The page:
How to automate your social media marketing efforts

Social media marketing requires an intense commitment to providing content, sharing links and attracting readers. While it may be tempting to think that social media marketing involves sending only links to social sties, there is significantly more involved. Effective automation can help companies tap into the power of social media marketing if they understand the various techniques that are available.

Automating blog posts

In order to have content to share on social media sites, users must have blog posts, articles or other relevant information.  Most of these options can be automated in a number of ways including using RSS feeds, article widgets or self-populating newsletters like  Using these methods can help provide relevant content without a lot of additional work.

Automating Twitter activity

There are numerous programs available for automating Twitter accounts, some offer similar features while others offer features that are not found in any other applications.  Most of the programs allow users to automate RSS Feeds that will automatically feed new work that is placed on a website or blog (and on some writing sites) directly to Twitter as they are posted. This allows users to have their newest information send directly to followers.

HootSuite, TweetAdder, SocialOomph and numerous other programs allow users to upload tweets in bulk to be sent out over time. This can be a significant time saver for many Twitter users, allowing them to completely automate the process of sending information out to users. In addition, many of


How Social Media should not be used

Individuals and business owners alike have turned to social media for keeping up with friends, family and customers. While social media has gained in popularity, there are some things that could be inappropriate to place on a social media page regardless of whether you are using the account for personal or business reasons. Not every person who sets up a social media account is there with good intentions, and for people as well as businesses, these less than scrupulous individuals can be problematic in numerous ways. One of the necessities associated with social media is knowing how social media should not be used.

Sharing financial data

While it may be tempting to send a “private” message to someone in Facebook sharing personal financial information, it is a bad idea. There have been countless articles from well-respected publications stating how Facebook information may not be as private as we are led to believe. Financial information that is personal or corporate should never be shared on any social media site as this opens up the potential for identity theft and other cases of fraud.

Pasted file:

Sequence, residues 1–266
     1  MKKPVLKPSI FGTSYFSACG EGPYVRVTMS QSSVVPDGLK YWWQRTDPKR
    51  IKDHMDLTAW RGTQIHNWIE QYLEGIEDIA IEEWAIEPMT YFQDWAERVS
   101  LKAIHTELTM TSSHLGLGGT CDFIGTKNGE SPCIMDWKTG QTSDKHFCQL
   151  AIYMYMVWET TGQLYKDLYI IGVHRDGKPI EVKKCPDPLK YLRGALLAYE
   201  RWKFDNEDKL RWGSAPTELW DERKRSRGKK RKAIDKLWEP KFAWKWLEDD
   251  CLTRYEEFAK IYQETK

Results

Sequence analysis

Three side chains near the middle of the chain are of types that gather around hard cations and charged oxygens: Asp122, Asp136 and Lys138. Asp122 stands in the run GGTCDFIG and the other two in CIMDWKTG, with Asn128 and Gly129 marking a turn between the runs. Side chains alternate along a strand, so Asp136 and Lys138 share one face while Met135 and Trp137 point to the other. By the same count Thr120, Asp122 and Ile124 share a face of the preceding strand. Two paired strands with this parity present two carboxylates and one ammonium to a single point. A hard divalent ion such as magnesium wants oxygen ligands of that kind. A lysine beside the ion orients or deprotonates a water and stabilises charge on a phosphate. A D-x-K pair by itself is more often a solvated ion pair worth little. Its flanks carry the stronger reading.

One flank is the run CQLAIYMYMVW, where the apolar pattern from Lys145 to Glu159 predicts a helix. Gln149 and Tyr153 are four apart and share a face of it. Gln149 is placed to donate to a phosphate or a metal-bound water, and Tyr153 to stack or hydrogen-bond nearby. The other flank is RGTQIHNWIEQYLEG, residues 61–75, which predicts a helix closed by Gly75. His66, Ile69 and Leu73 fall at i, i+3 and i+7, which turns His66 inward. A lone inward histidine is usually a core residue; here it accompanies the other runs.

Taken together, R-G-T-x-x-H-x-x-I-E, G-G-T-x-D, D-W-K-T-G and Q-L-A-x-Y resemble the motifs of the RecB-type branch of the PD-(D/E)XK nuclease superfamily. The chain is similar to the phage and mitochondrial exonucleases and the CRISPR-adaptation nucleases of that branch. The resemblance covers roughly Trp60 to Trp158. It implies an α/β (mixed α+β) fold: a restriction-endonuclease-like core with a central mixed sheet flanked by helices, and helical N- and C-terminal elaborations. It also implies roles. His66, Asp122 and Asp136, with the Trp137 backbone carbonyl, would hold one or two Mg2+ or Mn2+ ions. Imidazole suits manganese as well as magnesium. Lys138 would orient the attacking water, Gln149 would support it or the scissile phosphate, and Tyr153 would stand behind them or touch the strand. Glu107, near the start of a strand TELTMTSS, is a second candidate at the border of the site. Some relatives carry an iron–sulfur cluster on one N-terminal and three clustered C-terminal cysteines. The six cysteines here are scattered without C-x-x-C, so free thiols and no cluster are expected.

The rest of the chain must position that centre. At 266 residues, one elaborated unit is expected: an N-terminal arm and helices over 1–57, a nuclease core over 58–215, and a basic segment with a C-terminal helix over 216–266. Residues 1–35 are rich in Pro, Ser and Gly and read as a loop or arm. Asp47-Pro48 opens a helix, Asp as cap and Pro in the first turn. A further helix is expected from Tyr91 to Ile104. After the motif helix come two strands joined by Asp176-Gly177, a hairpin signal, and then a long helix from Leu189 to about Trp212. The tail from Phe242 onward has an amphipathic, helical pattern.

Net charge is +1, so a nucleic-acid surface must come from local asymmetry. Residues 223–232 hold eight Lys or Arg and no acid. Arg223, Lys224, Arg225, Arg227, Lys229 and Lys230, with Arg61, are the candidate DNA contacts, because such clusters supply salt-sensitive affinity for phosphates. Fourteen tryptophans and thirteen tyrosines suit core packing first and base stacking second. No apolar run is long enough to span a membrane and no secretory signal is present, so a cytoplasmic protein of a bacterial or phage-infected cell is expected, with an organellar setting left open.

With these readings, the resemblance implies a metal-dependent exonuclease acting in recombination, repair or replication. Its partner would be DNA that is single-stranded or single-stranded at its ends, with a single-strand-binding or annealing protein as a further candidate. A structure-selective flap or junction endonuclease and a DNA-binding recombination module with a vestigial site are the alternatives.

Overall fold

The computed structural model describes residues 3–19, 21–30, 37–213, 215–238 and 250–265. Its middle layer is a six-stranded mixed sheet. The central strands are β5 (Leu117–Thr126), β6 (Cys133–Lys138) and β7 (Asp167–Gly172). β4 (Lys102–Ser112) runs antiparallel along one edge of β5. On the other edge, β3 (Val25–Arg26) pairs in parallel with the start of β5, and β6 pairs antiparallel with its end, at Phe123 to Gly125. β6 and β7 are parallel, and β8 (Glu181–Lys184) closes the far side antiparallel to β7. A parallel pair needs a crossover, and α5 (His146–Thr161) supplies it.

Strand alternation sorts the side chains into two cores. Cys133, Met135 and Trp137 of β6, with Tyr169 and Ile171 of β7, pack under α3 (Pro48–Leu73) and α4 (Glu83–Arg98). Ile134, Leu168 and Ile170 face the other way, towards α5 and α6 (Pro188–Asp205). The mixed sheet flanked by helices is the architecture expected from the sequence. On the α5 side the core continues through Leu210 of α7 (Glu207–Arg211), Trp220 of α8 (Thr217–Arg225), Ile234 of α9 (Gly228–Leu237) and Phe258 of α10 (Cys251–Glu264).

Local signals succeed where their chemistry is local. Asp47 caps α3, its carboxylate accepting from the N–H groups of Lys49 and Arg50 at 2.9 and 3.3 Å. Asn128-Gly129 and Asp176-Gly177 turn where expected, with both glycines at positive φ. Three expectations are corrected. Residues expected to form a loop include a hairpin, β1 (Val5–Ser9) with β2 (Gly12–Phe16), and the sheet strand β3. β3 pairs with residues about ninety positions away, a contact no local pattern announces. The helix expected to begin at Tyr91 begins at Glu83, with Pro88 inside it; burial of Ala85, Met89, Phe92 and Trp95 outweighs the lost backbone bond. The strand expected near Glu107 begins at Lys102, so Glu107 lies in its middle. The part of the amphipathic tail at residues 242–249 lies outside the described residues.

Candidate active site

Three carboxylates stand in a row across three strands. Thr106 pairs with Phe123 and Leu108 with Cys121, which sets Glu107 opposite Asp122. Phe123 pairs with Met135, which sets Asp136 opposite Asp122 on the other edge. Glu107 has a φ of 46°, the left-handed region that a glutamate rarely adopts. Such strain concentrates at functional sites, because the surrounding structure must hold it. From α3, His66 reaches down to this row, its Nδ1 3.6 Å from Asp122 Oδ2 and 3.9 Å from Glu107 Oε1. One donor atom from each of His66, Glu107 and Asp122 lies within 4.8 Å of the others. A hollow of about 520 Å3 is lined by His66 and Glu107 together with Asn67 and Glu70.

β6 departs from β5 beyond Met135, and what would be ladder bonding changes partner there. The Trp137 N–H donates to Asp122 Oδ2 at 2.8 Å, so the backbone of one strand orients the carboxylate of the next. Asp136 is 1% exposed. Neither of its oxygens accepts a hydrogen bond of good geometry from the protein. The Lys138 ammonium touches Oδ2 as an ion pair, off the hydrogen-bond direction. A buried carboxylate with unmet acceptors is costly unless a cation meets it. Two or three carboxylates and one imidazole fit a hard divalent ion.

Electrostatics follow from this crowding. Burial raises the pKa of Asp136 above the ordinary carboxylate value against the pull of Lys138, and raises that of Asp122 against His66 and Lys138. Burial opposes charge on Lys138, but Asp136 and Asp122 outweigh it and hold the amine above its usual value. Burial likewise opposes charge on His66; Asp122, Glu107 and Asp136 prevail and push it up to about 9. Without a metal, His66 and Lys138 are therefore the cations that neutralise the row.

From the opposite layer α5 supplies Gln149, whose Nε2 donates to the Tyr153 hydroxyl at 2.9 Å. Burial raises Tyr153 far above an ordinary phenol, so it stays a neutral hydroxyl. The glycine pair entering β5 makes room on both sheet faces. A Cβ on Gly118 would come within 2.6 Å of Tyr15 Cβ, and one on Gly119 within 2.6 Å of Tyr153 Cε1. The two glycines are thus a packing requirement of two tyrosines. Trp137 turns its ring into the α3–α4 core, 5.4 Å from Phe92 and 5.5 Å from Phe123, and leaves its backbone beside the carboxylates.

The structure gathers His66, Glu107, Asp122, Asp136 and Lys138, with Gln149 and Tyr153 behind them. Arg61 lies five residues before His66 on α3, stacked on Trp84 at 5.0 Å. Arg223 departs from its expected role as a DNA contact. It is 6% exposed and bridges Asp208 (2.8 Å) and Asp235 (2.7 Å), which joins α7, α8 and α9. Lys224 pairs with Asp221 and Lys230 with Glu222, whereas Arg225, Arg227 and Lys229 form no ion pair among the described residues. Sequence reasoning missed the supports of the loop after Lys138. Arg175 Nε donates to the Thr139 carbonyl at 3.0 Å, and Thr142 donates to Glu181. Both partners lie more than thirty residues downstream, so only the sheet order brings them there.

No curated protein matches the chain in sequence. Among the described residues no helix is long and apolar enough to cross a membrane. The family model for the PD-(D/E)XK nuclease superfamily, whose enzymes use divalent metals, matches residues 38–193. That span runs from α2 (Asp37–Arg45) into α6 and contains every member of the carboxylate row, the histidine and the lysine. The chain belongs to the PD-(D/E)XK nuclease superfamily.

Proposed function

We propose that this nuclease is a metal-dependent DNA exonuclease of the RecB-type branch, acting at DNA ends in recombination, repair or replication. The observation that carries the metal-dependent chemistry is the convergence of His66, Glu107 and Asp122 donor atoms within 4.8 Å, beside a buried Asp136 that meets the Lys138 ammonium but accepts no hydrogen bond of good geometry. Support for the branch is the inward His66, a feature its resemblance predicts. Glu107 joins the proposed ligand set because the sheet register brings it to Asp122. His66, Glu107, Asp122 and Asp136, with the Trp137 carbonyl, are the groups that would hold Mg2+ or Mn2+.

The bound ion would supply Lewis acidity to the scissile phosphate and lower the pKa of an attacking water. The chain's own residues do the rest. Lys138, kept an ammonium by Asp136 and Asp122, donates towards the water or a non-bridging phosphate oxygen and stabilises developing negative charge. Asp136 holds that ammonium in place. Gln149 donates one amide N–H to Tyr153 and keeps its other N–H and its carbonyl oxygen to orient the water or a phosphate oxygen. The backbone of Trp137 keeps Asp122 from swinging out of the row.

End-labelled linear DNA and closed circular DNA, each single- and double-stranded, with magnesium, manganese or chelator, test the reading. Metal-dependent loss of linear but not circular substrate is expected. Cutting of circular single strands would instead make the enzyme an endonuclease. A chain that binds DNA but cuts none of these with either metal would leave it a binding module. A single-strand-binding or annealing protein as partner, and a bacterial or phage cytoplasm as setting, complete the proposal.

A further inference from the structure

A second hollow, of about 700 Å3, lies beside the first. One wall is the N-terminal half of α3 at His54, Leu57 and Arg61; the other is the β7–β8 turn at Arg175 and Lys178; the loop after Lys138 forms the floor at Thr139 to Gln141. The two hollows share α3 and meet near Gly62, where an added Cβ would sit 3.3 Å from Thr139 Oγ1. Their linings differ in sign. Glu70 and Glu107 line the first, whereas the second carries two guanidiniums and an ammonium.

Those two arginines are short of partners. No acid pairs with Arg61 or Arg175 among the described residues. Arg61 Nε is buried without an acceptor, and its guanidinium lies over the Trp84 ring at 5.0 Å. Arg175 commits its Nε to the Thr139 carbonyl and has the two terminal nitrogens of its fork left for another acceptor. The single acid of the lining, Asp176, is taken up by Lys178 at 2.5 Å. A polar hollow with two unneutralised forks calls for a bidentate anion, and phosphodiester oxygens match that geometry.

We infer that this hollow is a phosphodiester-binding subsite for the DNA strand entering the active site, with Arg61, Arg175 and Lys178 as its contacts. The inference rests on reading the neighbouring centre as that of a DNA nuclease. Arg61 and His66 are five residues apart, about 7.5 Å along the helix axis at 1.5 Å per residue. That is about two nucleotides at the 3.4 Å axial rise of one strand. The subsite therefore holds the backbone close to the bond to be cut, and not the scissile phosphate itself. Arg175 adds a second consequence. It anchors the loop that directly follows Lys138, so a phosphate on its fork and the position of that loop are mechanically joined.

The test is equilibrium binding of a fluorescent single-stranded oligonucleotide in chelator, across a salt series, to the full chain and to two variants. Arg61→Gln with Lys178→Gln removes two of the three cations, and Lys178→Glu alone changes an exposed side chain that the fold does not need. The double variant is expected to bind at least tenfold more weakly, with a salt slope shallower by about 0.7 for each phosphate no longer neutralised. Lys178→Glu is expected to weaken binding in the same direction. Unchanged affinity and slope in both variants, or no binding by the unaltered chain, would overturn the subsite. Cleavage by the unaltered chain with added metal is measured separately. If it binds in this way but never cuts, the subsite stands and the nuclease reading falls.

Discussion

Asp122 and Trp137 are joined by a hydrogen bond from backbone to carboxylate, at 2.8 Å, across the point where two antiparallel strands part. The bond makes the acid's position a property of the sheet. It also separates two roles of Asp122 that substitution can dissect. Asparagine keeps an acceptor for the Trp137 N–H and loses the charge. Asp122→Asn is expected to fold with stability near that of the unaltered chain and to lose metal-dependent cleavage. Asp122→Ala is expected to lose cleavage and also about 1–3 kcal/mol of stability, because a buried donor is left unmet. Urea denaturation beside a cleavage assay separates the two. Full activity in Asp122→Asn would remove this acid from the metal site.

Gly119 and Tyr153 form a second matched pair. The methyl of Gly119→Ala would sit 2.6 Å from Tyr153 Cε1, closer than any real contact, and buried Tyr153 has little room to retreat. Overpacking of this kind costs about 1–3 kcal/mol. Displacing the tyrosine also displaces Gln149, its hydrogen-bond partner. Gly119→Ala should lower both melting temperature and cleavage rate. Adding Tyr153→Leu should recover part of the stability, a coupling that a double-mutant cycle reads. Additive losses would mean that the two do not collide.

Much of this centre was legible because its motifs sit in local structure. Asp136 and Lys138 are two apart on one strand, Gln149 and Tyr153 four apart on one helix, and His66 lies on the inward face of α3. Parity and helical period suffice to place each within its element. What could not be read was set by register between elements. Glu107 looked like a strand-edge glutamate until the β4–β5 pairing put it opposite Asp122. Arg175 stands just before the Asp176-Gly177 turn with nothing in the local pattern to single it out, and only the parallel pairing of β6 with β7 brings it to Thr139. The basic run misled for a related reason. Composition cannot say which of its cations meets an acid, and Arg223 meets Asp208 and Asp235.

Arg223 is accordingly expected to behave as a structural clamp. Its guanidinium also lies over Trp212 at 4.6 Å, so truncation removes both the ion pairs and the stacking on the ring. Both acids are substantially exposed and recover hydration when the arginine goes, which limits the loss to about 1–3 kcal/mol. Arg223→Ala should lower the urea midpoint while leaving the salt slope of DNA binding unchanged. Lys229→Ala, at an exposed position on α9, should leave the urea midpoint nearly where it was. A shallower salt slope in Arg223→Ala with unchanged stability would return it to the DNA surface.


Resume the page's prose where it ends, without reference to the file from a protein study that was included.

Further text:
While Twitter has not had nearly as bad a problem with privacy concerns (or at least not as well published) they settled a suit with the Federal Trade Commission in 2009 which barred them from misleading users about just how private their information was. This should serve as a wake-up call to all social media users; privacy is at an all time low when you register at most social media sites.

Sharing detailed location information

Some of the newest social media applications allow users to share their location. While it may be sensible to share a town or city where a company or person is located, sharing specific details such as


How New York's property tax waivers for nonprofits work

If you are a board member of a nonprofit organization in New York, you might be trying to determine the property tax requirements. New York, like many other states, does offer waiver of property taxes under certain circumstances.

These include:
  • You must own the property - the nonprofit organization must hold the deed to the property in the name of the nonprofit organization
  • Purpose of Nonprofit - the nonprofit organization must be one of several “charitable” categories in New York. These include cemeteries (Section 446 in NY); parsonages (Section 442), charitable (Section 420(a)) or benevolent (Section 420(b)).
  • Subleasing - if a New York nonprofit property is subleased to any organization which does not fall under the “charitable” categories as defined in New York, that portion is not exempt from property tax
  • Subleasing II - if a New York nonprofit organization sub-leases a portion of the property to another entity which does fall into the “charitable” categories, you must supply all documentation supporting such claim
  • Unimproved property - if a New York nonprofit organization can prove the purposes of the unimproved property (defined as one in the stages of construction) a property tax waiver will be considered.
There is special paperwork which is required to be filed with the New York City Department of Finance that would allow a nonprofit organization to obtain a property tax waiver. The paperwork must be filed with the property tax exemption unit by January 5 of the year immediately following acquisition unless it was transferred from one nonprofit organization to another.
The documentation that must be provided is extensive. These documents include: